So Henia played that section, and Michael Form shouted "Thousand Dollar" every time the motif came up.

Benjamin Oye

Next up was Benjamin Oye, a high school senior and a student of Emily O'Brien. He played the Fontana Sonata Number 6, accompanied by Miyuki Tsurutani (who also assisted Henia Jacubowicz on no notice). His performance was quite poised and confident.

Michael Form noted that the Fontana sonatas are marked "come sta", meaning that they should be played as written, and not ornamented to the player's taste (or lack thereof) as was usual for music of that period (he died circa 1630; the sonatas were published posthumously in 1641).

He mostly worked on a section where in his opinion, the continuo should be fairly metronomic, but the soloist should be rhythmically quite free.

My favorite story of the day was about how before recording technology became common in the 1920's, nobody had ever heard themselves play. It was as if the mirror had suddenly been invented when you were 50, and you could see what you looked like.

In any case, the recording engineers, who were technicians and not necessarily musicians at all, kept complaining to the performers that their playing didn't line up, and eventually the performers accepted that standard and now performances almost always line the parts up vertically, but before about a hundred years ago, nobody did that.

He also gave Benjamin a lesson in messa di voce, which involves doing a crescendo and decrescendo on a single pitch. There's a long note in the recorder part of this piece which is the climax of the movement, and the successful messa di voce did indeed make it a more exciting climax.

Kim Wu-Hacohen

(This was a hand-written addition to the printed program, so I apologize if I read the handwriting wrong and don't have the name right.)

Kim is an 11 year old student of Sarah Cantor, and she played the "Optometrist" movement from Pete Rose's I'd rather be in Philadelphia. Michael didn't know the piece, so he asked the audience about the title. Someone volunteered that it was on W.C. Field's tombstone, and Judy Linsenberg, to whom the piece is dedicated, told the story:

She was at her parent's in Philadelphia and leaving for Europe the next day, but Pete, who lives in New Jersey, was in town and wanted to see her. She explained that she'd love to get together, but she also had a lot of errands that had to happen that day, so he went around to her errands with her while they talked, and he immortalized the day in this piece, with movements Optometrist, Shoe Store, and Lunch.

Kim played with obvious enjoyment of the swing style of the piece (marked Jazz inegal). The audience had copies of the version she was playing from, which had phrases marked with stage directions like "Waterslide" and "falling down the stairs". Michael asked her if she had made up those characterizations, and when she said she had, he worked on ways to make some of them even better realizations of her ideas.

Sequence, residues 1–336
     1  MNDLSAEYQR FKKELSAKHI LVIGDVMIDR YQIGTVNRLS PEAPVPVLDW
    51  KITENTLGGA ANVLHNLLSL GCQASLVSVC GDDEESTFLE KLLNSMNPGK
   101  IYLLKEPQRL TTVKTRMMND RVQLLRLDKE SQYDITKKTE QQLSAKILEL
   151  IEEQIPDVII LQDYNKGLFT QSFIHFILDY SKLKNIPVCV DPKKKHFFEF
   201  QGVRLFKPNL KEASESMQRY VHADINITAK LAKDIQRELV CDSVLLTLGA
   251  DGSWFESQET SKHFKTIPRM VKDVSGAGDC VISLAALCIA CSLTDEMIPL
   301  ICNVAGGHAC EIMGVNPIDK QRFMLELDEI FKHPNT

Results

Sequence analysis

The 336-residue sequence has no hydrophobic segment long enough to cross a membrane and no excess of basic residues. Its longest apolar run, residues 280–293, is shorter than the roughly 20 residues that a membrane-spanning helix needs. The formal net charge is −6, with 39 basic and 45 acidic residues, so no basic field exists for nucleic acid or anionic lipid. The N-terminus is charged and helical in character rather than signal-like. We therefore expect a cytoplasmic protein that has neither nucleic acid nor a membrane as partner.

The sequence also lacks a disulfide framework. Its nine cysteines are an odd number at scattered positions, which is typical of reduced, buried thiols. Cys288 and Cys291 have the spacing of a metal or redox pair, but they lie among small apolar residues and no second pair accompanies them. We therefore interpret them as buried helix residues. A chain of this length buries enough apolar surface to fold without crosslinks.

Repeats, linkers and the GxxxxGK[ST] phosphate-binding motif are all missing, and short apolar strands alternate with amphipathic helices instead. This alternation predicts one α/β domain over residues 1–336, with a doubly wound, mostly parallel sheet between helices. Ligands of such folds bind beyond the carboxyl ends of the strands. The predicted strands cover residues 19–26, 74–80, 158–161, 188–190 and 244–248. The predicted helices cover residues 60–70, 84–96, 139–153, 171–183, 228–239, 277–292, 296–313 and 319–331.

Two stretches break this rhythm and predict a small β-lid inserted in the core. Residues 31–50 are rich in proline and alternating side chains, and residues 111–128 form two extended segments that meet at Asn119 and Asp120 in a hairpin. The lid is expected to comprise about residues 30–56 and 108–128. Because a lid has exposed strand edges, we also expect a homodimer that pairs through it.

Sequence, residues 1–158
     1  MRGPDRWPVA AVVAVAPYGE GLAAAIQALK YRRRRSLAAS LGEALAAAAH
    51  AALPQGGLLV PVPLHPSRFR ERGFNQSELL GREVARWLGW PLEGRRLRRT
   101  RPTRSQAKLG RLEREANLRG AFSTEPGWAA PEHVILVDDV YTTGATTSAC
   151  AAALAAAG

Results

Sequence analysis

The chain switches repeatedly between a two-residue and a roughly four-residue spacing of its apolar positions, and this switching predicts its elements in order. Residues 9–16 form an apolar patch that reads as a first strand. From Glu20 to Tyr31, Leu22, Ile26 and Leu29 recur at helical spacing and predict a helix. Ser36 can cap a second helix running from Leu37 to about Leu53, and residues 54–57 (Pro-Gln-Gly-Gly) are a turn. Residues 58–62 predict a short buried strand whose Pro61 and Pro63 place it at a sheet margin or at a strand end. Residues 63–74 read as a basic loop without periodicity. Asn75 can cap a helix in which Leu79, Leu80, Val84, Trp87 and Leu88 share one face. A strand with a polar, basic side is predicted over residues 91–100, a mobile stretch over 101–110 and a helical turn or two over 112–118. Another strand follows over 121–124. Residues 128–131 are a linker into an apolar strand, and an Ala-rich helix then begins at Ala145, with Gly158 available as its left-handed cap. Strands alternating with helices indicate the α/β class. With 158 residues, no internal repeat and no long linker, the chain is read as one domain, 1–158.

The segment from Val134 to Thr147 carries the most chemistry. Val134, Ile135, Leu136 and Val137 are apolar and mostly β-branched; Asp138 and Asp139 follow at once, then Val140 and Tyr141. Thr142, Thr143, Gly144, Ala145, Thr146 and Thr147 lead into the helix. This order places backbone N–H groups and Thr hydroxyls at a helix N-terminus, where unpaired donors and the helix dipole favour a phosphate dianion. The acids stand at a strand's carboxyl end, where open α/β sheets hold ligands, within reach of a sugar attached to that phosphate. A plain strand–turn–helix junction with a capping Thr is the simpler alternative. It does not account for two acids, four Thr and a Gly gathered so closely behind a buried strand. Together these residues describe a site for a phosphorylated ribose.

Posted in BEMF15 | Comments closed
BEMF15

More links to BEMF coverage

If the writers in the more mainstream media aren't as behind in their writing as I am, this may be the last set of links.

There are still posts coming from me.

Posted in BEMF15 | Comments closed
Cantabile

News of the week of June 16, 2015

Meeting report

We played:

Schedule

We will continue meeting on Tuesdays at 7:45pm at 233 Broadway, Cambridge, Massachusetts.

Other events

Movie night

My current Netflix movie is Mr. Turner, a biopic of the life of J.M.W. Turner. Based on the previews and reviews, it's visually quite good, although of course the plot is predictable.

I'll be watching it on Thursday, starting around 8. If people want to come over and watch with me, we'll be organizing a pot luck supper about 7:30. Let me know if you're coming and what you want to bring. I get the giant box of greens from the farm share that day. I don't yet know what's in in, but I'll cook or dress some of it, and that will be my contribution.

Recorder Recital

John Tyson's student recital is this Saturday, June 20, at 5:30pm in the Carr Organ Room at New England Conservatory. If you want to hear lots of recorder playing, this is a good place to do it. I will be playing some of the Lupacchino and Tasso duets from Il Primo Libro a due voci, mostly with John on two recorders, but there will be one on serpent and sackbut.

Pig roast

The homebrew club is having their annual pig roast on Saturday, June 27, starting at 5 pm, with the pig scheduled to be ready at 8 pm. If we want to play anything from printed music, we should plan to do it before dark, but impromptu music without stands and dots on paper is possible at any time. Let me know if you want to come, and I'll sign you up as my guest.

Serpent Publications booth at Amherst Early Music Festival exhibition

On July 11 and 12, Serpent Publications will have a booth at the Amherst Exhibition in New London, Connecticut. The idea is that we'll have lots of music printed, and encourage people to try playing from it. So if you'd like to be a booth babe, let me know. I'll be staying around Saturday evening and going to the concert (not usually a great concert, but a good way to see what early music people are doing these days) and the party (usually pretty good).

Posted in Cantabile | Comments closed